I spend a lot of time with young moms. Heck, with 8 kids, I was a young mom until last year. Or so. When they tell me their deeply felt frustrations with the day-to-day management of children, the squeeze of time to maintain a healthy relationship with husband, and the things they want to do, I get it. Really, I do.
They also tenderly tell me about the conflict in their marriages, with their sisters, with their toddlers, with their mothers-in-law. They share their hurt feelings, their frustrations, and their desire that things could have gone differently than they did.
"It was my birthday, for cryin' out loud! Why didn't he think to get a babysitter?"
"She knows how important clean eating is to our family. Why would she feed the kids cookies from a box and let them drink soda, to boot?"
"I had planned a day at the park but it all got taken away when he told me he needed the van. Why couldn't he have remembered to tell me sooner?"
I'm going to say something here that might not be very popular:
I think we all need to lower our expectations.
Are any of the above statements unreasonable? No. Do those moms have a right to feel disappointed? Sure. And yet, how could their contentment with what God had crafted for them in those moments be unshaken if their expectations were at ground level?
At 45, I'm still slowly learning that God's ways are best. I could say it to anyone around me, "Oh, trust God, friend! His ways are best!" but when it comes right down to me, I doubt him faster than I can even gather my thoughts on the subject.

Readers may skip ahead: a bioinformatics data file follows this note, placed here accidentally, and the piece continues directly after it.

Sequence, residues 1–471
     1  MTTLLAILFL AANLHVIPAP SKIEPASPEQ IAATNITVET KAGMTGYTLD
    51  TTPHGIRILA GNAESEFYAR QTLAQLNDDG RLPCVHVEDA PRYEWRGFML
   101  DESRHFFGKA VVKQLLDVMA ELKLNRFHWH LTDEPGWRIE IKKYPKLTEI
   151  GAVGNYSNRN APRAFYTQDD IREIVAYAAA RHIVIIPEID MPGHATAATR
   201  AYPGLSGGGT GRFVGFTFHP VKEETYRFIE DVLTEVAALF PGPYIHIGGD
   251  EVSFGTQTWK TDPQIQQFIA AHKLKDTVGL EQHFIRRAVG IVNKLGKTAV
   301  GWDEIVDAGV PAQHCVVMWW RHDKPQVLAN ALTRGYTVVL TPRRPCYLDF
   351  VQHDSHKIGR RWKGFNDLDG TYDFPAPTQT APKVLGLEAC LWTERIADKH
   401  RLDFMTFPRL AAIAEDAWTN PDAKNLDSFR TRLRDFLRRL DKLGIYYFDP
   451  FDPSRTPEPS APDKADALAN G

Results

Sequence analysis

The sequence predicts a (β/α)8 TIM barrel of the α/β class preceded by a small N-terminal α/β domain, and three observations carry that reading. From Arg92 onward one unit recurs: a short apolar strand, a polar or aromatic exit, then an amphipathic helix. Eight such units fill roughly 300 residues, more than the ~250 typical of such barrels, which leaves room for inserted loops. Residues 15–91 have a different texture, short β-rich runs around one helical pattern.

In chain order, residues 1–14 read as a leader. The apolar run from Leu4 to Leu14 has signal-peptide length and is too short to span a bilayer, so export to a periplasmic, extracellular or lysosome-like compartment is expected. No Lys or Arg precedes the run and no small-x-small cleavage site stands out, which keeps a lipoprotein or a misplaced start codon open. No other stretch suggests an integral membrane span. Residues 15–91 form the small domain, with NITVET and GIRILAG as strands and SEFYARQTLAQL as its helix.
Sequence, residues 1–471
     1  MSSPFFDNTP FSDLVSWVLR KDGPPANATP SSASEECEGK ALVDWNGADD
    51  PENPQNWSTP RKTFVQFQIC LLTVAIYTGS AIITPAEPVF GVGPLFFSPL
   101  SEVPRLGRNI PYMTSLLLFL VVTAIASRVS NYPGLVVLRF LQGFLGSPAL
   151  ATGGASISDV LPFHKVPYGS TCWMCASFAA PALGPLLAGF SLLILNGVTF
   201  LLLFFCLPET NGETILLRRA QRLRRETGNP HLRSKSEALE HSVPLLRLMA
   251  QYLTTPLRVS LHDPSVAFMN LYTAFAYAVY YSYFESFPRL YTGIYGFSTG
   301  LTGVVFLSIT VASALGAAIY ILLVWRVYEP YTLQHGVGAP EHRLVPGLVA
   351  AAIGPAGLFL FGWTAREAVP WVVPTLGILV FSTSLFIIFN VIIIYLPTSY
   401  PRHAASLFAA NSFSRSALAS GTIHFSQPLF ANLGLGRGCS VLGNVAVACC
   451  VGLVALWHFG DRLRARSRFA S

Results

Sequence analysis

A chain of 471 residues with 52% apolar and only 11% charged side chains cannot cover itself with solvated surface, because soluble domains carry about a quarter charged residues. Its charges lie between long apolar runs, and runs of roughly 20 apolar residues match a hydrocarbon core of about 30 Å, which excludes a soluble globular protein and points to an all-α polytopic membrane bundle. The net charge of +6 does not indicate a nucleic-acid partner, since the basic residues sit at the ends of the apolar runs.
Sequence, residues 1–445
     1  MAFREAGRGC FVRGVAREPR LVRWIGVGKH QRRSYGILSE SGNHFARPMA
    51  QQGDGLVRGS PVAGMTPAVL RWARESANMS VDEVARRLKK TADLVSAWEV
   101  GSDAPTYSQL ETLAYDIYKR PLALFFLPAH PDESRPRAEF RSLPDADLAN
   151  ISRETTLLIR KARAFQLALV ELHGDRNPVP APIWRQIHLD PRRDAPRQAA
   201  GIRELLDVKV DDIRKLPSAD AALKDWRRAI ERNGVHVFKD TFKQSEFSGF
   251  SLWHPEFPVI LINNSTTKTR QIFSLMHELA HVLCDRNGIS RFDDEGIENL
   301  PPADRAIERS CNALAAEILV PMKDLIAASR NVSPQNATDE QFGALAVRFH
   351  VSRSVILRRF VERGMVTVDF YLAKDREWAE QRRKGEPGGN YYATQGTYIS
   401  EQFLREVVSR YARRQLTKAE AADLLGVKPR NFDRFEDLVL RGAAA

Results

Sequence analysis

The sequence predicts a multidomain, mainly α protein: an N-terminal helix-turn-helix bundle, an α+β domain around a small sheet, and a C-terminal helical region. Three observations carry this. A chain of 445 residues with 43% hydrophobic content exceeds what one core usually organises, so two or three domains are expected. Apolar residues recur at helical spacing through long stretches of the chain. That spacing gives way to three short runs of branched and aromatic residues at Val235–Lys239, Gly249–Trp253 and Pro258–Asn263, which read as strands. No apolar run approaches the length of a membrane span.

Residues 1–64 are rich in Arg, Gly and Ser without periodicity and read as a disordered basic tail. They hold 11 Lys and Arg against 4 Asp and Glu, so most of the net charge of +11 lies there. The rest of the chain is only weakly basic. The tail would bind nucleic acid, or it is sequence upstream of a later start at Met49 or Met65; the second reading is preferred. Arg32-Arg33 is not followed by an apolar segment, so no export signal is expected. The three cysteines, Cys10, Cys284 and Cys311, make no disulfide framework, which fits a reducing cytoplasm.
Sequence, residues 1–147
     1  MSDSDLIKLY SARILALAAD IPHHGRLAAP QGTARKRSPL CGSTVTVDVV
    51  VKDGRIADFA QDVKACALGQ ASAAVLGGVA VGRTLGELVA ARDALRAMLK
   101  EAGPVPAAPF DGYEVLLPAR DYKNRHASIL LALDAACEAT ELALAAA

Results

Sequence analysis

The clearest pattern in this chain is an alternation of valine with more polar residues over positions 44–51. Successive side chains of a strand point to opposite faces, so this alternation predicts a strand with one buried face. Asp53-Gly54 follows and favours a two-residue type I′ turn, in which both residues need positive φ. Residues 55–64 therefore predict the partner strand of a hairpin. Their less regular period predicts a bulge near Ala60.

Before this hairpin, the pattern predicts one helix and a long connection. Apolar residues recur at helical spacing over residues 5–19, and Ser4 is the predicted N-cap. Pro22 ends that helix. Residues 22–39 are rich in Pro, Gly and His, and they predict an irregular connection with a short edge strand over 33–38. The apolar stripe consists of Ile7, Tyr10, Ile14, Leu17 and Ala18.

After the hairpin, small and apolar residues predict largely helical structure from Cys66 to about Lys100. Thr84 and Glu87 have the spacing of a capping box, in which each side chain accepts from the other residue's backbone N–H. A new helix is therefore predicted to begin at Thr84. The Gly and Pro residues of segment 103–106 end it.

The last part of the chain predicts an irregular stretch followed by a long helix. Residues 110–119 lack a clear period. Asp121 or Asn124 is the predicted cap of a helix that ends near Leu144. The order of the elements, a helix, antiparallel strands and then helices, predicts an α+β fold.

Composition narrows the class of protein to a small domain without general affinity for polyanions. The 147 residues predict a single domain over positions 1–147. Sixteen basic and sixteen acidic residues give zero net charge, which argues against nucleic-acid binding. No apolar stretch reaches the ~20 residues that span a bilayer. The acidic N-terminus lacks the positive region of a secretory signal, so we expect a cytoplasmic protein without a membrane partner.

22 years into cleaning up after other people, wiping noses, clipping little boy fingernails, and dubious character training (that's the child-rearing stuff) plus relationship bungles, family tension, writing-related disappointments, and financial hurdles (that's the life stuff) and I can say that I have learned one thing, and only one thing, well: keep your expectations low.
Know what happens when you do? Everything is a bonus! Everything is fabulous! Everything feels like a gift!
Let's go back and reframe the disappointments in the context of low (or no) expectations of others and what they can do for us:
"It's my birthday! Even if no one else remembers, I know that God does and I'll celebrate with him. In fact, I'll make myself a bowl of ice cream right now!"
"I'm so glad we've chosen to eat such healthy foods. Now when the kids are at her house, it's not like we eat that kind of junk food every day. They'll enjoy it once and then we can move on."
"Wow, I'm so disappointed that I couldn't take the kids to the park. I need to tell him that I'd really appreciate it if he could remember to let me know sooner next time, but for today, I'm going to turn lemons into lemonade. Literally. Hey kids! Let's make lemonade!"
You know, that first one isn't too far from my own story. As a summer birthday girl, my day was never celebrated by my classmates or youth group friends because it was summer break. As an adult, of course, life doesn't stop on our birthdays, either. Most people forget unless Facebook prompts them.
It made me grumpy to wake up to demanding kids on my birthday, wanting to know what's for breakfast or asking if I would do any number of things for them that day. MY day. My birthday, for cryin' out loud!
And then one year an older friend of mine invited us all over for breakfast ice cream sundaes on her birthday and I thought, YES. I adore ice cream. I could live on ice cream. So why not start a tradition of ice cream sundaes for breakfast on my birthday every year? Not just ice cream sundaes, the best of the best ice cream, toppings, and fresh whipped cream, too.
I changed my expectations for the day, took charge over what I thought other people "should" be doing for me, and turned around to create a breakfast birthday party that we all look forward to every July. I learned that expecting others to think of me first invites self pity. I learned that there is power in not being a victim. I learned that having realistic expectations frees me to love others well. How can you do the same?